Explore this JAMA series that discusses best ways to reduce medical errors and improve the safety and quality of health care.
This JAMA Performance Improvement article describes experience at Zuckerberg San Francisco General Hospital with an emergency department social medicine (EDSM) team to facilitate care of ED patients with low-acuity medical illnesses and complex psychosocial comorbidities (homelessness, mental illness, substance use, poverty).
This JAMA Performance Improvement article describes development of a protocol for workup and management of elevated liver function tests in liver transplant patients without readmission to their transplant referral center, and findings and outcomes for a case series of 80 patients managed with the new protocol from 2017 to 2019.
This article describes Video-Based Feedback for the Improvement of Surgical Technique, a video-centered approach to coaching practicing surgeons.
This JAMA Performance Improvement article reports the methods and outcomes of a cognitive screening program implemented at a US hospital to assess medical staff aged 70 years or older for clinical competency every 2 years as a requirement for reappointment.
This cohort study identifies processes of care that are associated with reduced risk of death or recurrent stroke among patients with transient ischemic attack or nonsevere ischemic stroke.
This JAMA Performance Improvement article uses the case of a patient who presented to the emergency department but left after waiting 4 hours without being seen to discuss interdisciplinary improvement efforts for reducing system inefficiencies and improving access to care in emergency departments.
This JAMA Performance Improvement article uses the case of a patient with end-stage renal disease admitted for septic shock, peritonitis, and calciphylaxis who erroneously underwent tunneled central catheter placement after he elected to pursue only hospice care to discuss unintended errors introduced by computerized order entry and opportunities for health information technology system improvements.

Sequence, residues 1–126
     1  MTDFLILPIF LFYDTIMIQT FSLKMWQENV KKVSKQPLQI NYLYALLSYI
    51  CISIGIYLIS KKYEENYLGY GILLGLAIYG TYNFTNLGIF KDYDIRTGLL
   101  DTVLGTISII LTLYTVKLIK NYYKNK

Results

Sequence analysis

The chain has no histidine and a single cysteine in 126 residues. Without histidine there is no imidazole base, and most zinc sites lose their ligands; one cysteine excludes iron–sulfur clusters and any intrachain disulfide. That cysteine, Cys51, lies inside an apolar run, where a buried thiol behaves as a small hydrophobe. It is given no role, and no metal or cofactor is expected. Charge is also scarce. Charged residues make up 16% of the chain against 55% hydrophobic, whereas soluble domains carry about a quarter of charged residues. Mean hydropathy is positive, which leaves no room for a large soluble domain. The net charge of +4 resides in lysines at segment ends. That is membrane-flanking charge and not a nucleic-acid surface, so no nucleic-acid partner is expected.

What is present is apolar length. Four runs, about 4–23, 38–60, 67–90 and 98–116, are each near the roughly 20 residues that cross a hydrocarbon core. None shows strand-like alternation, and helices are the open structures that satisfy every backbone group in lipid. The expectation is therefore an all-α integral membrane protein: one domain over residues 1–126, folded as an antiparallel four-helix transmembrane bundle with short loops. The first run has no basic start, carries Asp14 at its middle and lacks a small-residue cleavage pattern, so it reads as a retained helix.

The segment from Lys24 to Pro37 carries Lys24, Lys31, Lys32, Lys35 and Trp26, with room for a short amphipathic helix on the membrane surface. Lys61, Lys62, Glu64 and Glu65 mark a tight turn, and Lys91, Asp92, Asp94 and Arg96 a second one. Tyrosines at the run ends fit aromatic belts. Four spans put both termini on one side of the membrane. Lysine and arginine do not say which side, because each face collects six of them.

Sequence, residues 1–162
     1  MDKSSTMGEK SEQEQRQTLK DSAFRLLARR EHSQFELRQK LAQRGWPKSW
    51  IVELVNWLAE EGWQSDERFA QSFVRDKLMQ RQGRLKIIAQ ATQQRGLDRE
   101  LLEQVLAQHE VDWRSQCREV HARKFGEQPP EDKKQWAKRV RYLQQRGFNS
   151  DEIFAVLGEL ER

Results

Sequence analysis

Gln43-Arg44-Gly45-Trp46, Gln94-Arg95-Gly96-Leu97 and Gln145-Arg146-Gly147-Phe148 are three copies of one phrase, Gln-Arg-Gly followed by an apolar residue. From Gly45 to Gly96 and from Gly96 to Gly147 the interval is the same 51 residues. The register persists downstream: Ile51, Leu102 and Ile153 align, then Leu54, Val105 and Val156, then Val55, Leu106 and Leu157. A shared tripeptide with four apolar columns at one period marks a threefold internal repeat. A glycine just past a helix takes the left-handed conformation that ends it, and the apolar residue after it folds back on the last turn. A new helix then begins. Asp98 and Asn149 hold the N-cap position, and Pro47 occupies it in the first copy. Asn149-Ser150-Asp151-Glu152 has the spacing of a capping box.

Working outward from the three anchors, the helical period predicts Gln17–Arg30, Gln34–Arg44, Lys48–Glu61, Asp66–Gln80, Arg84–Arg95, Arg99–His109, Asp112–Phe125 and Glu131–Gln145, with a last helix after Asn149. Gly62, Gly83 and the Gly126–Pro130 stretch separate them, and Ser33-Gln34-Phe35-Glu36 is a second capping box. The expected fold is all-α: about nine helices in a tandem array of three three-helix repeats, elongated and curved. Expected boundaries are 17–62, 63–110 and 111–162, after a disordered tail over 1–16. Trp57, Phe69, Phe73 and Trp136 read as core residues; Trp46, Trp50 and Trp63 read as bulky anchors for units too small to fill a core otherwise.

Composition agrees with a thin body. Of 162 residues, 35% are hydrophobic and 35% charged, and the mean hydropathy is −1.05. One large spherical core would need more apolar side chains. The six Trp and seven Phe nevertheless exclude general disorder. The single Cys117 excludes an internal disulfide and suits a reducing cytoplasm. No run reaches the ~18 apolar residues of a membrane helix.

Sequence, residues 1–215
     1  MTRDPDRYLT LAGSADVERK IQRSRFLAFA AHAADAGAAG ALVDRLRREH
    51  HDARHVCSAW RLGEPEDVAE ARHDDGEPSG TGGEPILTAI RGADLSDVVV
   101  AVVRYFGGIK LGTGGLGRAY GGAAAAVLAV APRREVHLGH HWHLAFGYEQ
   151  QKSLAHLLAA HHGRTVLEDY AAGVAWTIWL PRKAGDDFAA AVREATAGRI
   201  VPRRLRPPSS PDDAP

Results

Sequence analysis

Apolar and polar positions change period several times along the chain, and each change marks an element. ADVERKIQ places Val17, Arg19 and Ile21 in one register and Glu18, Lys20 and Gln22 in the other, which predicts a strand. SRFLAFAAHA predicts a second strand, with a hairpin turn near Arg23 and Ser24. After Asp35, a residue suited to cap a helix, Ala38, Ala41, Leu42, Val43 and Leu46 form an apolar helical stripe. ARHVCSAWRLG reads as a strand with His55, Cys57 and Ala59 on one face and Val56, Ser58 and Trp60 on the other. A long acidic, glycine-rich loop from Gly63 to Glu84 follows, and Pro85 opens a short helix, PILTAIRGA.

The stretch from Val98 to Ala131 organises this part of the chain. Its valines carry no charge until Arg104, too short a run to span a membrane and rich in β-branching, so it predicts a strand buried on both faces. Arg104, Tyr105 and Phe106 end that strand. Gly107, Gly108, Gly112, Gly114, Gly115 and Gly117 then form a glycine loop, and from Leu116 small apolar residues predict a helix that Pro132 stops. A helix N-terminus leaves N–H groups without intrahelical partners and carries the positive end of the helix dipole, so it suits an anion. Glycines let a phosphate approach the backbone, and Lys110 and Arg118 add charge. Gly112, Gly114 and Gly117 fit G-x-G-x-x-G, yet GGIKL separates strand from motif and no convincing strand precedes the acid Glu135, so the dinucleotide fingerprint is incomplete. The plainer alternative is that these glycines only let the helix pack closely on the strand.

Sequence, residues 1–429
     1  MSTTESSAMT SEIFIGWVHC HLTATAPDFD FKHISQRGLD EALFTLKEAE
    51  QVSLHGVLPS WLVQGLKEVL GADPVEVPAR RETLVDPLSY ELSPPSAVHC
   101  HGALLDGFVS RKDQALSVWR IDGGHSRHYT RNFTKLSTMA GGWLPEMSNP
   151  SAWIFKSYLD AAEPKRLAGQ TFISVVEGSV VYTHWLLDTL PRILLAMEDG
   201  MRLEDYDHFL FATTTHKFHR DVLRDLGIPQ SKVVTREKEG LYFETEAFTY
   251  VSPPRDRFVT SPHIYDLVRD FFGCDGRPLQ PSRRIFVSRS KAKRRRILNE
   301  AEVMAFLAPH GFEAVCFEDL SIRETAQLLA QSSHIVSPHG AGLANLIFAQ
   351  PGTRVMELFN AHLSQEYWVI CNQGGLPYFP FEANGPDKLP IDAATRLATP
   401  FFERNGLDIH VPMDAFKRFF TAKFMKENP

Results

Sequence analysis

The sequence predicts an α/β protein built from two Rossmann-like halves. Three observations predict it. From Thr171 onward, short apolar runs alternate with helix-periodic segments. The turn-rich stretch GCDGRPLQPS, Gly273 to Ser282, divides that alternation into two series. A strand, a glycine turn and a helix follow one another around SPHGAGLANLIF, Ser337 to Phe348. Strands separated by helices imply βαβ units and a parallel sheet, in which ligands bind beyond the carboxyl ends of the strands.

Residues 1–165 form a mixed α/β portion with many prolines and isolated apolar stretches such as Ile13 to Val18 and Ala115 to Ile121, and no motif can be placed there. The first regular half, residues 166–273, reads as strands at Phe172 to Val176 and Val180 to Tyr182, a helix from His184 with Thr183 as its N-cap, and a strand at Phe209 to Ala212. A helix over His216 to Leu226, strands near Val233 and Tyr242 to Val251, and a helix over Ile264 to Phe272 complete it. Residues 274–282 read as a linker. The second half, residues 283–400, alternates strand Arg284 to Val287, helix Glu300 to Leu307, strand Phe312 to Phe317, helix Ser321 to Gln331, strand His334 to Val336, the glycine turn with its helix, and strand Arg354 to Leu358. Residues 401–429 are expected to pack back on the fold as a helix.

This quality improvement study examines the rate of surgical adverse events in US Veterans Health Administration medical centers from 2010 to 2017 and compares it with rates from previous studies.
This JAMA Performance Improvement article uses the case of a patient with acute myocardial infarction and heart failure who developed cardiogenic shock after being given carvedilol as part of a standard STEMI admission order set to discuss the limits of orders sets and of guideline-based care and the need to optimize each for individual patient circumstances.
This JAMA Performance Improvement article uses the case of a patient with obstructive sleep apnea who experienced cardiac arrest after sedation for magnetic resonance imaging to discuss proper handling and avoidance of oversedation in high-risk patients.
This Viewpoint argues that moribidity and mortality conferences and peer reviews for diseases that cross multiple specialities should be more interdisciplinary.
This JAMA Performance Improvement article uses the case of a patient who received an overdose of insulin to discuss proper protocol and follow-up after a medication dosing error.
This JAMA Performance Improvement article uses the case of a patient with both a cancerous mass and a benign mass in the same breast in whom the wrong mass was excised to discuss proper handling of wrong-site surgery.
This JAMA Performance Improvement article uses the case of a patient with iatrogenic phenytoin toxicity due to an excess prescribed dosage to discuss proper handling and reporting of significant adverse drug events.
This JAMA Performance Improvement article uses the case of a patient with a retained lumbar catheter tip to discuss strategies for patient communication, clinician education, and reporting of procedure-related adverse events.
This JAMA Performance Improvement article explores the case of a patient with latex allergy who had a latex catheter placed and how the health care team should handle the situation both during surgery and postoperatively.
This JAMA Performance Improvement article uses the case of an on-duty nurse attacked by a patient to discuss how to treat potentially violent patients while ensuring the safety of health care personnel.
This JAMA Performance Improvement uses the case of a patient given the wrong catheter to discuss appropriate clinician and health system responses to procedure errors.
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